Here are four questions I would ask before getting too excited about being recruited for an executive position:

  1. Is there an internal candidate either under active consideration, or someone the company would like to consider?
  2. If yes, ask if the internal candidate is as qualified and is he or she well-liked in the company? 
  3. Is the internal candidate’s experience more than, less than or about the same as your’s?
  4. In other similar searches, with an internal candidate, how many times has this company selected the internal candidate over other well-qualified external executives. (Yes, some companies have a tendency to run  beauty pageant searches just in case a super star shows up.) 

An external recruiter may not have the answers to all of your questions but internal recruiters who handle the majority of executive search assignments, certainly should.  

Do not let the ego rush of a recruiter’s call preclude you from asking questions that could help you avoid wasting your time.

© 2019 John Gregory Self

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It’s What You Know For Sure That Ain’t So That Hamstrings Your Job Search

Posted November 20th, 2019 | Author: Admin

“It’s not what you don’t know that gets you into trouble.  It’s what you know for sure that just ain’t so.”


This quote is filled with so much truth on so many levels. It is frequently attributed to Mark Twain but when you tell people it ain’t so they often don’t believe it.  “But they used it at the start of a movie, it must be so,” one friend pushed back She was right, it was used at the start of The Big Short, the wonderful movie based on Michael Lewis’ brilliant book of the same name that chronicled events that led up to The Great Recession in 2009, but the truth is there is no evidence that Twain ever said that or anything similar.  

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However, I  really like the quote and so I drag it out now and then to illustrate an important point, in this case, an immutable truth.  When an executive suddenly, unexpectedly, finds him or herself in the job market, most get off on the wrong foot because they assume they already know everything they need to know to find a new job. This mistaken assumption is aptly illustrated by my quote’s kicker:  Its what you know for sure that just ain’t so. Here is a sampling of what he knew for sure:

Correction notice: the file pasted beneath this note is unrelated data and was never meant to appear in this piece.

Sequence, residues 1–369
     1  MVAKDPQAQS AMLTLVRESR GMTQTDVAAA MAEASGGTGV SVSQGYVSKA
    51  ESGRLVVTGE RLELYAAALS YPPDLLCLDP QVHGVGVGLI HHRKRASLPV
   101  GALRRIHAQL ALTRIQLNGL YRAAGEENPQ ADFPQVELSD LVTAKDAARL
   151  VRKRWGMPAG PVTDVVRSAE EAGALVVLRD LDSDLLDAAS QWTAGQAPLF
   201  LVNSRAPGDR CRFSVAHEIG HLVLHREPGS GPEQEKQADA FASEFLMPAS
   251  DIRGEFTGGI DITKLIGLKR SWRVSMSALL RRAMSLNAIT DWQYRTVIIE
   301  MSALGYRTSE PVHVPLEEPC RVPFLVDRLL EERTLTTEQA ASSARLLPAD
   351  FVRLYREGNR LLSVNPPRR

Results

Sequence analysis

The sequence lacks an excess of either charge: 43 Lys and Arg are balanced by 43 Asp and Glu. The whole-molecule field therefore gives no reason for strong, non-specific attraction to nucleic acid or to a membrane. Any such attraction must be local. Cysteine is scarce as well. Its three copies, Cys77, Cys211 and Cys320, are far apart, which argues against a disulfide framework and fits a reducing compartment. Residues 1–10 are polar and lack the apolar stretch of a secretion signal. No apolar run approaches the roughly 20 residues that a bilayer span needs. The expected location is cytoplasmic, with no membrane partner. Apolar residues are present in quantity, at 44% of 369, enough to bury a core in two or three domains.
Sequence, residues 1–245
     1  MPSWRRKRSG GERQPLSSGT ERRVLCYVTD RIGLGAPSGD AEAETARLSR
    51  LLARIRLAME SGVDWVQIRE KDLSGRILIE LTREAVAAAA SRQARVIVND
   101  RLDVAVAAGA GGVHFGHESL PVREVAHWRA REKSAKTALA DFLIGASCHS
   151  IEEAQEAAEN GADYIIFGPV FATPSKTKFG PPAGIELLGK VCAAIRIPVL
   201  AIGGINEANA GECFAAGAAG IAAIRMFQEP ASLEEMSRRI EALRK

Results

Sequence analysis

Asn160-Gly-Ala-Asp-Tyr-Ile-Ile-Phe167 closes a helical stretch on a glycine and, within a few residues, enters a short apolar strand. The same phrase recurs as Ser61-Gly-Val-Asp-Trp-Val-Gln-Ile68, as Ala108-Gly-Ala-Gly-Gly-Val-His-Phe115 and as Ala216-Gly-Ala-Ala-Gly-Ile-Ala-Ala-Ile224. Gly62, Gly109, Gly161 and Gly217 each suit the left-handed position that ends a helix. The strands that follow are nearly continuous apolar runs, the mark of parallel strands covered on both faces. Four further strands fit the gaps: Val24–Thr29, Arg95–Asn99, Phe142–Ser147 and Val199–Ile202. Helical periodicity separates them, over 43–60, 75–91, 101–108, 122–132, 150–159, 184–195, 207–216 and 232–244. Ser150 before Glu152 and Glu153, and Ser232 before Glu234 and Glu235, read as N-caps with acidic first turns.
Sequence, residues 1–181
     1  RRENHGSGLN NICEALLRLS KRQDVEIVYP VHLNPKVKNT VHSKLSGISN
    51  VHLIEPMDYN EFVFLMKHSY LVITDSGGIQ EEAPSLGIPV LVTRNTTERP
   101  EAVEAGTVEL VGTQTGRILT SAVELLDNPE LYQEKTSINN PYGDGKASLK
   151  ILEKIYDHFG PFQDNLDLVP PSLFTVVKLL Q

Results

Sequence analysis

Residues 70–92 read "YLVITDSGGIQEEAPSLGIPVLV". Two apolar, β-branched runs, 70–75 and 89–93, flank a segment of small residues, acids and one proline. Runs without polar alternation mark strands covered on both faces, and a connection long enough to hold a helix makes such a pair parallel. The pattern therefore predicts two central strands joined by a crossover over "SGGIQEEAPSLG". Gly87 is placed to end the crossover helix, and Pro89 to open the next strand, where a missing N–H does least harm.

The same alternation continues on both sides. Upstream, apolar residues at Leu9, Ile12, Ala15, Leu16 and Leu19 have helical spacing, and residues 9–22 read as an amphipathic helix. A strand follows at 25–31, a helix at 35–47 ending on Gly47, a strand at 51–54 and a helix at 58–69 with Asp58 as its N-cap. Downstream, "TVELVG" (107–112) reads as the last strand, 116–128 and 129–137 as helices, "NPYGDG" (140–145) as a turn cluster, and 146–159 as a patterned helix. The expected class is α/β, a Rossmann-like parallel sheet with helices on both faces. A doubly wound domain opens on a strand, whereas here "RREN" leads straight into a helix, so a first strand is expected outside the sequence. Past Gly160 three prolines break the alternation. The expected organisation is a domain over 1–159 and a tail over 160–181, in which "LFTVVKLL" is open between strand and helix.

• He was convinced that social media was irrelevant for executives
  • He could send the same resume for each job he pursued
  • The most qualified candidates always got the job
  • He did not need to practice for interviews.  The clients are smart and will figure out the best person for the job.

I wish I had come to you a lot earlier in my search.  You really helped me.”  While that was nice of him to say, he deserves all the credit.  He was the star of the process. When we identified what he needed to change to succeed, he zealously focused on mastering the new rules for finding a new job.  He was disciplined and worked hard.  It paid off.  

On Friday a client called with the great news that he had been offered, and accepted, a new job as the CEO of a community hospital near his home.  He will not have to relocate, a possibility that he and his family were dreading.  “I wish I had come to you a lot earlier in my search.  You really helped me.”  While that was nice of him to say, he deserves all the credit.  He was the star of the process. When we identified what he needed to change to succeed, he zealously focused on mastering the new rules for finding a new job.  He was disciplined and worked hard.  It paid off.  

One day, at the end of one of our mock interview coaching sessions, he confided that he was truly surprised at how the job market had changed so much in recent years.  ‘I thought I understood. I lost a lot of time in my search.”

If you find yourself in the job market, don’t waste valuable time or your severance allowance.  Engage someone who can guide you through the process.  If you are tempted to save the money because you can do it yourself, remember, “Its what you know for sure that just ain’t so.”

© 2019 John Gregory Self